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ePlasty: Vol. 16
Posterior, Extended, Pedicled Latissimus Dorsi Flap for the Reconstruction of a Large Complicated Lower Back Wound
Michael Mirmanesh, MD,a Dan Mazzaferro, MBA,b Zachary Borab, BS,b and Lee L. Q. Pu, MDa

aDivision of Plastic Surgery, University of California Davis, Sacramento; and bDrexel University College of Medicine, Philadelphia, Pa

Correspondence: This e-mail address is being protected from spambots. You need JavaScript enabled to view it
Keywords: posterior extended latissimus dorsi flap, complex lower back wound, exposed spinal hardware, latissimus dorsi flap, posterior trunk wound
Figure 1. Chronic wound with exposed hardware and radiation tissue damage.
Figure 2. Skin paddle design.
Figure 3. Flap and split-thickness skin graft prior to negative pressure dressing application.
Figure 4. Well-healed reconstruction at 6 months postoperatively.


A 53-year-old man with metastatic lung cancer who underwent urgent decompression and stabilization of a pathologic L4 burst fracture developed a chronic wound after surgical site breakdown following chemotherapy and radiation. The wound was 9 × 7 cm with exposed hardware at the base. A posterior, extended, pedicled latissimus dorsi myocutaneous flap was used to adequately close the wound.


1. Describe the reconstructive options for large posterior trunk wounds?

2. What are the key characteristics of a latissimus dorsi flap?

3. What is modified in a posterior extended latissimus dorsi flap?

4. Why use a pedicled flap instead of a turnover flap or free flap?


A variety of flaps are used depending on the size of the lower back defect. A more superficial, 2-dimensional defect may benefit from a local flap, but deep and complex 3-dimensional defects need additional tissue to fill and support the wound while also attempting to minimize compromising muscle function. Local muscle flaps are often a first-line treatment if there is adequate tissue; commonly used local muscle flaps include the reverse turnover latissimus dorsi flap and the gluteus maximus flap.1 Free flaps are considered when insufficient local tissue exists or when there is substantial damage to the surrounding soft tissue.2 A latissimus dorsi free flap is the most common reported free flap for extensive lower back coverage. Other free flaps described for lumbar defects include the transverse rectus abdominis, trapezius, and gluteus maximus.3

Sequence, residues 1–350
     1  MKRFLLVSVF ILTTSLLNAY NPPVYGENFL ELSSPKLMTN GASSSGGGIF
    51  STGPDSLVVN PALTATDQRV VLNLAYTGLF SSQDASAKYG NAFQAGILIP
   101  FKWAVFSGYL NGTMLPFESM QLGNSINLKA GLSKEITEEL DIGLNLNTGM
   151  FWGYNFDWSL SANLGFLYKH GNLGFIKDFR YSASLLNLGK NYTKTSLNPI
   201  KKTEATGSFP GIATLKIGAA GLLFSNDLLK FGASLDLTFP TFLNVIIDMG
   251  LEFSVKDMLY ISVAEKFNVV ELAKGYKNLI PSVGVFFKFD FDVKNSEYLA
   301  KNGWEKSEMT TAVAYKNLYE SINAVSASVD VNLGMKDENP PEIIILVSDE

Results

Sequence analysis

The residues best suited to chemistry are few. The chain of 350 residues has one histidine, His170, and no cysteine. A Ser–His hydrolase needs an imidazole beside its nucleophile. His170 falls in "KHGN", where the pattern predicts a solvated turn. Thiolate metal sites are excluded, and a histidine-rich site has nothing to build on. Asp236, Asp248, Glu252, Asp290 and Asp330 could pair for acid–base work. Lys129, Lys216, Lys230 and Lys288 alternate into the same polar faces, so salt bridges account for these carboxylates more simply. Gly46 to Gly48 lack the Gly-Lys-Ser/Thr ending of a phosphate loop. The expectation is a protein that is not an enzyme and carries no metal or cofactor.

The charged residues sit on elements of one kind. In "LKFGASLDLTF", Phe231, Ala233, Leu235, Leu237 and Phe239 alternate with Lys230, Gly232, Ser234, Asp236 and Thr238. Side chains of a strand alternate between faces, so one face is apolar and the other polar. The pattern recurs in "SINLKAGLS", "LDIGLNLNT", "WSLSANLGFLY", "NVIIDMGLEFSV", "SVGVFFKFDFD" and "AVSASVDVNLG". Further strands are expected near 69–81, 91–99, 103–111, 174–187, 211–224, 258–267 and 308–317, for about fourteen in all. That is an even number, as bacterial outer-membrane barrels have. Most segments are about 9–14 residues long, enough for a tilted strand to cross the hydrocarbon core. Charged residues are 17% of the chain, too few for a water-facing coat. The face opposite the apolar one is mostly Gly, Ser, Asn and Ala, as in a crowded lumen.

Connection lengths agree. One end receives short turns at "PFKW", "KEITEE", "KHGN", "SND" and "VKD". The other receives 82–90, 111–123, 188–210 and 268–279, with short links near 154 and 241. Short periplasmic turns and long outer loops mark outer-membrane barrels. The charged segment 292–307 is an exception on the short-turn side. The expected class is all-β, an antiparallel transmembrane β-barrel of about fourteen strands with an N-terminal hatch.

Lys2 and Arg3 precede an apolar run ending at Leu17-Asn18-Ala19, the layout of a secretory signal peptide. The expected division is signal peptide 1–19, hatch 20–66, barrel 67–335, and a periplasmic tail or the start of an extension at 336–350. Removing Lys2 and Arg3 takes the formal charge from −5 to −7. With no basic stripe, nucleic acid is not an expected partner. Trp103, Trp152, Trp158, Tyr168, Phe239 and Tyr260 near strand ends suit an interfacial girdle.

The latissimus dorsi flap can be harvested as a muscle or myocutaneous flap. It is classified as a Mathes and Nahai type V flap, as it has both a dominant pedicle (thoracodorsal) and secondary segmental (thoracic and lumbar perforators) blood supply. The pedicle length can reach 15 cm and is usually accompanied by a single venae comitantes. Flaps can be harvested up to 20 × 35 cm. The long pedicle and large size make this a workhorse flap in reconstruction.4

The posterior extended latissimus dorsi flap is a modification that serves to elongate the skin island inferior and medially. Dissection to include the muscle and subcutaneous tissue is performed with careful attention to the path of the descending branch of the thoracodorsal artery. This is vital to the survival of the flap. The insertion of the latissimus dorsi to the humerus is divided to provide more freedom to the pedicle. The modifications provide the flap with greater bulk and length at the risk of increased donor site morbidity, prolonged drainage, and seroma formation.5

In this patient, the size of the surgical resection and radiation damage substantiated the need for a free flap latissimus dorsi repair. It was originally intended to treat his large complex wound with a free latissimus dorsi flap anastomosed to the superior gluteal vessels. However, after adequate dissection and exposure, the superior gluteal vessels, particularly the vein, appeared to be small and not suitable for microvascular anastomosis. A latissimus turnover was considered, however; the segmental perforators were considered to be in the zone of radiation injury. A posterior extended latissimus dorsi myocutaneous flap was then utilized and inset into the defect. Had appropriate coverage not been possible with the posterior extended latissimus dorsi flap, we would have considered vein grafting to the superior gluteal arteries; however, they were initially deemed inadequate. In addition, the potential for complications with doubling the amount of microvascular anastomosis made this a less attractive option.


1. de Fontaine S, Gaede F, Berthe JV. The reverse turnover latissimus dorsi flap for closure of midline lumbar defects. J Plast Reconstr Aesthet Surg. 2008;61:917-24.

2. Muramatsu K, Ihara K, Taguchi T. Selection of myocutaneous flaps for reconstruction following oncologic resection of sarcoma. Ann Plast Surg. 2010;64:307-10.

3. Gaster RS, Bhatt KA, Shelton AA, Lee GK. Free transverse rectus abdominis myocutaneous flap reconstruction of a massive lumbosacral defect using superior gluteal artery perforator vessels. Microsurgery. 2012;32:388-92.

4. Barlett SP, May LW, Yaremchuk MJ. The latissimus dorsi muscle: a fresh cadaver study of the primary neurovascular pedicle. Plast Reconstr Surg. 1981;67:631-6.

5. Mathes DW, Thornton JF, Rohrich RJ. Management of posterior trunk defects. Plast Reconstr Surg. 2006;118:73e-83e.

Journal ID: ePlasty Volume: 16
ISSN: 1937-5719 E-location ID: ic32
Publisher: Open Science Company, LLC Published: August 3, 2016

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